Roughly two decades after Thomas Edison’s invention of the phonograph in 1877 and Emile Berliner ability to mass produce recorded music in 1895, a sudden U.S. dance craze solidified a market for recorded music. In the next decade, recorded music became a component of programming in the emerging commercial radio industry. Those captivated by the Roaring Twenties became a captive audience for this music

frenzy. Airplay boosted record sales. Gradually there developed a symbiotic financial relationship between the recording and radio industries. Recording companies were pleased to provide their records free to radio stations. In effect, it was free advertising. Radio stations were pleased to fill airtime with free content.

Corporate Consolidation In the 1920s, the mass-marketing of music quickly led to an identifiable recording industry. By creating hit recordings that shaped popular music, the industry came to dominate music. The lure of growing profits led to mergers and acquisitions—and eventually, corporate consolidations into a fewer major recording companies. Currently, the structure and practices of the biggest companies are characteristic of oligopolies.

Until 2012, the music industry had been dominated by four major recording companies— EMI, Sony, Universal, and Warner. The so-called Big Four, each part of a larger media conglomerate, held 84% of the U.S. market and 75% of the global market. In 2012, mergers and consolidation of the major labels turned the Big Four into the Big Three. Universal Music Group took over EMI’s recording division, and the other two mega-labels split the rest of EMI. Sony Music Group assumed control of EMI’s publishing arm, and Warner Music Group absorbed Parlaphone and Virgin Classic labels.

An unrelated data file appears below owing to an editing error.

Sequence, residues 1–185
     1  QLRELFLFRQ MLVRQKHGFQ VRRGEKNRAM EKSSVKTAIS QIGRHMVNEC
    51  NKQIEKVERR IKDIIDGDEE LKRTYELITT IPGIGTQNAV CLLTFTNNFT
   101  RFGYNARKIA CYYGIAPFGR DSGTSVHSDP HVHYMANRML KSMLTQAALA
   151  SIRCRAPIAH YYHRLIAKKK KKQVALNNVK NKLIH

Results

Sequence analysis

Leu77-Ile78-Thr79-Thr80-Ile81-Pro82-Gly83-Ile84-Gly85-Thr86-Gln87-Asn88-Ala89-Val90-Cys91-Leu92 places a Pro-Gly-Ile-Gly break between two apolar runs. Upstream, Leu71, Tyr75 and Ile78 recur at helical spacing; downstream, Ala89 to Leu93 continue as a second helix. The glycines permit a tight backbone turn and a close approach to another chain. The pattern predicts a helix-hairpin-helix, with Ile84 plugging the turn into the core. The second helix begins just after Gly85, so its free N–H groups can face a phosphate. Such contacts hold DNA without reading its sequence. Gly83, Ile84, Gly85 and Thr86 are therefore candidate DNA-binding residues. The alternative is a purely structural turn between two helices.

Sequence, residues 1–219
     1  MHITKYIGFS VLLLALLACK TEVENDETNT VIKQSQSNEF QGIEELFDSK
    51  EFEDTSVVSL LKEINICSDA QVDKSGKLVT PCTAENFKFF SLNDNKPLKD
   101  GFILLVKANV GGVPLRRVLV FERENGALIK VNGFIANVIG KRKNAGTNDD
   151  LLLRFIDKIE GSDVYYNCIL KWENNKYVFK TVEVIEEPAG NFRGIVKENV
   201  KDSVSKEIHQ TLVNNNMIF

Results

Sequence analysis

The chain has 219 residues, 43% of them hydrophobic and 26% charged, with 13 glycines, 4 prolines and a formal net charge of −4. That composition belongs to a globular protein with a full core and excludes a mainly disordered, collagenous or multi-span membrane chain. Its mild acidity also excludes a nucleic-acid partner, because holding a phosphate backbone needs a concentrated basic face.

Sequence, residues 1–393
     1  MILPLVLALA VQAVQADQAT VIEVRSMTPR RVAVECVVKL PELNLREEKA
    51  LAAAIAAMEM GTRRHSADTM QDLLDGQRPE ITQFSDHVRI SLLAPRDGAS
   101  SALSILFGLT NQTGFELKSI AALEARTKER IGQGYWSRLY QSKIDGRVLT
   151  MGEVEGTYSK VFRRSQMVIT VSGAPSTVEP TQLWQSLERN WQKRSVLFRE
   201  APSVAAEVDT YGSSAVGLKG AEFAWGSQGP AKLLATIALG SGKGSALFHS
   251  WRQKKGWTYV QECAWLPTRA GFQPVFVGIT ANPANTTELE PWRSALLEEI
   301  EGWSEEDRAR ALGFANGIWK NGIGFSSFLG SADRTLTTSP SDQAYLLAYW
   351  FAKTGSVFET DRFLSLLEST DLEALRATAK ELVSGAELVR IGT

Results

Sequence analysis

Significantly, the Big Three began to acquire stakes in the online/streaming music startups. In October 2014, Warner Music Group sealed a deal with the financially troubled SoundCloud of Germany and bought a 5% share of the company. As of May 2015, the Big Three had acquired shares, collectively, ranging from 10% to 20% of streaming startups, including Spotify and Radio. The Big Three get to play their music via streaming services and have the option to later carve out a bigger stake in those services at a discounted rate later on. They have also cut deals with other startups, such as music video giants Interlude and Shazam. A very important thing to note here is that like in other media industries, convergence of music to other Internet- based platforms has resulted in widespread streaming on computers, tablets, phones, and other devices. The Big Three know that if they want to stay financially viable, they need to tap into those target markets who have migrated online for their radio listening.

Although the music recording industry has long been dominated by major companies, lesser companies, called indies, have always held small markets segments. When an

indie hits it big, however, a major company inevitably gobbles it up. Such was the case with Motown, which operated as a successful indie for three decades with its inimical Detroit sound. In fact, Motown grew into the largest black-owned U.S. business. But after a 31-year run, Motown founder Berry Gordy sold Motown for $61 million in 1988 to MCA, a major at the time. Now both MCA and Motown are part of Universal.